However, the problem with live art is there always comes a time when it has to die. The curtain falls on the performance and that production with those participants (actors and audience) in that space will never be performed ever again. It’s just gone.


Just last week, I was discussing this with our stage manager, Hannah Richardson. Both of us have been a part of this production for almost a year and we were bemoaning the fact that this play that we helped to create, The Cleverest Thief, will probably never be produced again. It was a play written specifically for our audience by our audience. It was what it was. It didn’t try to be anything different. But because it was our stories, it connected more to us. Provoans wanted our stories as Provoans to be told. We filled that void. Would it be as effective in St. George, Seattle, New York, or LA? Probably not. Even performed here Gone Missing (which is set in New York) lost a little of its resonance with our audience.

deaf woman

Thinking about it now, I don’t know if I want it to be produced again. Maybe we take the process more than the production here. Maybe we inspire people to go out and perform and tell their own stories. Maybe it doesn’t have to be performed (in the traditional sense) to keep this particular piece of theater alive.

I guess it’s a little ironic that we are already feeling nostalgic about this show about loss. But as Dr. Palinurus revealed to us in Gone Missing, we enjoy this pain, this nostalgia, this pain in coming home again. There is something that interests us about loss and brings us closer together. We have all lost something. The difference is how we choose to deal with it. Even though we no longer have the production, we will always have the memory. We can always choose to enjoy that.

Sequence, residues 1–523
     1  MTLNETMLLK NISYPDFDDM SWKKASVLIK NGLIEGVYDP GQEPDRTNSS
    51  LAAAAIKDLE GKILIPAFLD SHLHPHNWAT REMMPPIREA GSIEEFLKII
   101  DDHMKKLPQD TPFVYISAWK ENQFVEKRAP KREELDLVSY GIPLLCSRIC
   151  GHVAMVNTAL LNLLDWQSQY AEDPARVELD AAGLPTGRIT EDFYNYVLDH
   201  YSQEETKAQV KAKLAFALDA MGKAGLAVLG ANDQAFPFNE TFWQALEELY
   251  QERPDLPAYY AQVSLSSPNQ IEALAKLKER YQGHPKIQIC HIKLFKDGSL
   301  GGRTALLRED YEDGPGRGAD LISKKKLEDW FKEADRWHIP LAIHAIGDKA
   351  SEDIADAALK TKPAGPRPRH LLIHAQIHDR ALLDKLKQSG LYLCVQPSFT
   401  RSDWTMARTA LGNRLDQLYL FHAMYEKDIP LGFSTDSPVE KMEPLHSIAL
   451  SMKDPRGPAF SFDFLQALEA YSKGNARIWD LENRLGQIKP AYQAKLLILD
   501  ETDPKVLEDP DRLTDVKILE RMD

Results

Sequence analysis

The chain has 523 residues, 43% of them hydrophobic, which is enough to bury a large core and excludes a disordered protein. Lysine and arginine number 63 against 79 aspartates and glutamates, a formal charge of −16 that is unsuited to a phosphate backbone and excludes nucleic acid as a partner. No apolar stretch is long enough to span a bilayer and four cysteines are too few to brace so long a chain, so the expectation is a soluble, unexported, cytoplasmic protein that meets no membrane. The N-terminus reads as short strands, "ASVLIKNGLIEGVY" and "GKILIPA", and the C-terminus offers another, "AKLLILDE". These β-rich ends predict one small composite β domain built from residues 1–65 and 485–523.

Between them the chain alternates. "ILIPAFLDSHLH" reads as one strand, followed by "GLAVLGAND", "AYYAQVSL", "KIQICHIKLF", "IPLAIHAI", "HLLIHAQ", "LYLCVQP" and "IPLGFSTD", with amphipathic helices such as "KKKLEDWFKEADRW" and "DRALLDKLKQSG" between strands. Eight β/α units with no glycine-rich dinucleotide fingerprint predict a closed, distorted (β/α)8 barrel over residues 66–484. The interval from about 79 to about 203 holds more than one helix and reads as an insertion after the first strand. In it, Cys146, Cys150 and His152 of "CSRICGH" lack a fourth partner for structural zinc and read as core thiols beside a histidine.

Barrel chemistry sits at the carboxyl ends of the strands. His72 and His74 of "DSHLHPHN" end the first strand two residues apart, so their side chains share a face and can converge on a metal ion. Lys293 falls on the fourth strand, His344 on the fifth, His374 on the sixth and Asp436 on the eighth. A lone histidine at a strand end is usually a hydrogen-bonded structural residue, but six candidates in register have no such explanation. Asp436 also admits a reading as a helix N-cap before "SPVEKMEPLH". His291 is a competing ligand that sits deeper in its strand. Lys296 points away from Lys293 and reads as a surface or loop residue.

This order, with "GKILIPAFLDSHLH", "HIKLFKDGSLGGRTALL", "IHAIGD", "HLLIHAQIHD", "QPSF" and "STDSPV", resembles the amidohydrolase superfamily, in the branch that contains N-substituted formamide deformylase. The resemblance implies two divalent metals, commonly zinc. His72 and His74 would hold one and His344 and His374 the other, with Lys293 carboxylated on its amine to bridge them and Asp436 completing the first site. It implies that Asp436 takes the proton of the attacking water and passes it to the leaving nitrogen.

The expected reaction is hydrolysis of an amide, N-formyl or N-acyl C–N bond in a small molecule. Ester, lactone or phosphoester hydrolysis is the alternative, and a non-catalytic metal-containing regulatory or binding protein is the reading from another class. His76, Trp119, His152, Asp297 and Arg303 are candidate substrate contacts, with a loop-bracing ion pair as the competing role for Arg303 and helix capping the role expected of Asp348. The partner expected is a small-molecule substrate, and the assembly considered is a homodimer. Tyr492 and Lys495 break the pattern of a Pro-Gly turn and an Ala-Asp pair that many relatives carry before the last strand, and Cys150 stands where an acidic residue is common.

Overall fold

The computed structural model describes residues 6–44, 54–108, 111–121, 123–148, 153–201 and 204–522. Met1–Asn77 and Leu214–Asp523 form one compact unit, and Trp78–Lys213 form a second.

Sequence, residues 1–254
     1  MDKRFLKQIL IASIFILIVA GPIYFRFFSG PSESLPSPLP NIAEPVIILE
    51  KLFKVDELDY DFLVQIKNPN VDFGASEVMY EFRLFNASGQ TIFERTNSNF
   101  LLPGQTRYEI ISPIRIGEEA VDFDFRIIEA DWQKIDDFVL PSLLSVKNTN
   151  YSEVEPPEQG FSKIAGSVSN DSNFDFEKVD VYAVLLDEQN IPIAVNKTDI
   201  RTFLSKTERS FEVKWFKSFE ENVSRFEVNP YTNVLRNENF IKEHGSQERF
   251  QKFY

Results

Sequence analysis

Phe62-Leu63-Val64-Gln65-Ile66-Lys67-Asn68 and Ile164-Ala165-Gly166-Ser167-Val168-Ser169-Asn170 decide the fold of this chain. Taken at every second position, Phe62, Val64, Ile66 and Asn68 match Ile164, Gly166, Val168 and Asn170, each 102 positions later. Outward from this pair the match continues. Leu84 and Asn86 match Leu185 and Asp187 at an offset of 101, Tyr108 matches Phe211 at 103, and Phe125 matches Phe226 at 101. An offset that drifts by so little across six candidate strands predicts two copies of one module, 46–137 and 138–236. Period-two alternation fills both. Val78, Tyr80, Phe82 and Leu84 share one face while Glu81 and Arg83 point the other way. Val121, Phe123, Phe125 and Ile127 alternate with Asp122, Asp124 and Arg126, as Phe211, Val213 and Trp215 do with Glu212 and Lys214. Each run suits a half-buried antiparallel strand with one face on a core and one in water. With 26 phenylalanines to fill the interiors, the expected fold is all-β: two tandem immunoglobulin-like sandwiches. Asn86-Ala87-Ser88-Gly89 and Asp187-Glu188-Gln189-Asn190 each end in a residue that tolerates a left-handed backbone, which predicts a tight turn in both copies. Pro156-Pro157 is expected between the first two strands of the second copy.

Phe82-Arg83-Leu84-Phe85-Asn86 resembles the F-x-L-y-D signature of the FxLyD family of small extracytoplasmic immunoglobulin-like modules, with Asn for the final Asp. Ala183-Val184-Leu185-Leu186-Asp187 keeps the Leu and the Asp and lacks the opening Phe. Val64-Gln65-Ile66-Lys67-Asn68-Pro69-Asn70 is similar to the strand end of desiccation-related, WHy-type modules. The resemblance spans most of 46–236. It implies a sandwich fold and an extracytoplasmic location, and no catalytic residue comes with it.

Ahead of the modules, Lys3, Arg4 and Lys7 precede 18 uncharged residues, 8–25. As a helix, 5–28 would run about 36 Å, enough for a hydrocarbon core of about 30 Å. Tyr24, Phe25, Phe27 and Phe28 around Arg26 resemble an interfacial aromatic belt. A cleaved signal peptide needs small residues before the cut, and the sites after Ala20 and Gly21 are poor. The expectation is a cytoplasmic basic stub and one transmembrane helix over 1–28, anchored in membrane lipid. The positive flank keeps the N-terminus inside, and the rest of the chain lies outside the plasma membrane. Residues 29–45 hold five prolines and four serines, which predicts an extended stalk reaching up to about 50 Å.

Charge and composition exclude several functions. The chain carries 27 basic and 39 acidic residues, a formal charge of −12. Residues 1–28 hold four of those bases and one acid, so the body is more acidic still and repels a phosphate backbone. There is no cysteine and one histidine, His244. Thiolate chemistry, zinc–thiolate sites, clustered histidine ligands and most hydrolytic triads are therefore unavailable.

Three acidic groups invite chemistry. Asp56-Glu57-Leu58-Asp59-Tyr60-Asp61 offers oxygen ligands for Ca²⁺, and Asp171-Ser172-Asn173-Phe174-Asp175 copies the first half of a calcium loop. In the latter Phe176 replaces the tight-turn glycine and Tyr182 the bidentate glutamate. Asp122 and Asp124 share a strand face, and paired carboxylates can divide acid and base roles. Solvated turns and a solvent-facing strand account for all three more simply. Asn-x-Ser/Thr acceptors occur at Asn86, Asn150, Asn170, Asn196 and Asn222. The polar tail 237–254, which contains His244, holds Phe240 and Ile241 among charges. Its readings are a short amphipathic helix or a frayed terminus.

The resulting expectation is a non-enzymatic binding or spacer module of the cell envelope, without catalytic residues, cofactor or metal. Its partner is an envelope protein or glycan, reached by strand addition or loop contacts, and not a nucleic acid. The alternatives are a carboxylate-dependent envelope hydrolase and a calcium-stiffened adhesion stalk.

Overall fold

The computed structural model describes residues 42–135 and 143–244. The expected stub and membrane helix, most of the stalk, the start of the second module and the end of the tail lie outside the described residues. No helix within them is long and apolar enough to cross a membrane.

Thank you to all who came and shared your stories. They live on in our hearts and minds.

Post Show Discussion

by Ariel Mitchell, Dramaturg

After an amazing performance Thursday night, two of our actors gladly welcomed the audience down to ask members of the cast and crew questions about the production and participate in what we call a post show discussion.

As the dramaturg, I helped to mediate as many actors jumped in eagerly to answer questions about making real people into characters that they could perform every night and the process of writing and devising a piece of theater. I think the audience members who stayed appreciated the insight and context that was given by the actors who finally were able to fill in the story behind the stories that were told on stage. The process is almost as interesting as the product!

Gone Missing poster

I’m glad we had a chance (even in a small way) to help contextualize this performance. If you didn’t have a chance to come to the post show discussion I encourage you to read the previous blog posts or comment on this post with any questions you may have and we will be glad to discuss them!

If you have not yet seen the show (or want to see it again), tickets are still being sold online and at the BYU arts ticket office in the HFAC.

2 plays, 1 night

By Ariel Mitchell, Dramaturg

There has been a lot of confusion about what The Cleverest Thief and Selections from Gone Missing is. Throughout this blog, we’ve shared our process and tried to give background about our project. But, I am remiss to say, that maybe after 10+ blog posts, readers are still unsure what this performance is.

I’d like to rectify this.

The Cleverest Thief and Selections from Gone Missing is a BYU main stage production of two plays in one night: Gone Missing and The Cleverest Thief.


Gone Missing is a devised play (see other blog post) created by the Civilians in 2003. The members of the company went out into New York to interview people about things they’ve lost. The company then took these interviews and created monologues and songs to create a play they called Gone Missing.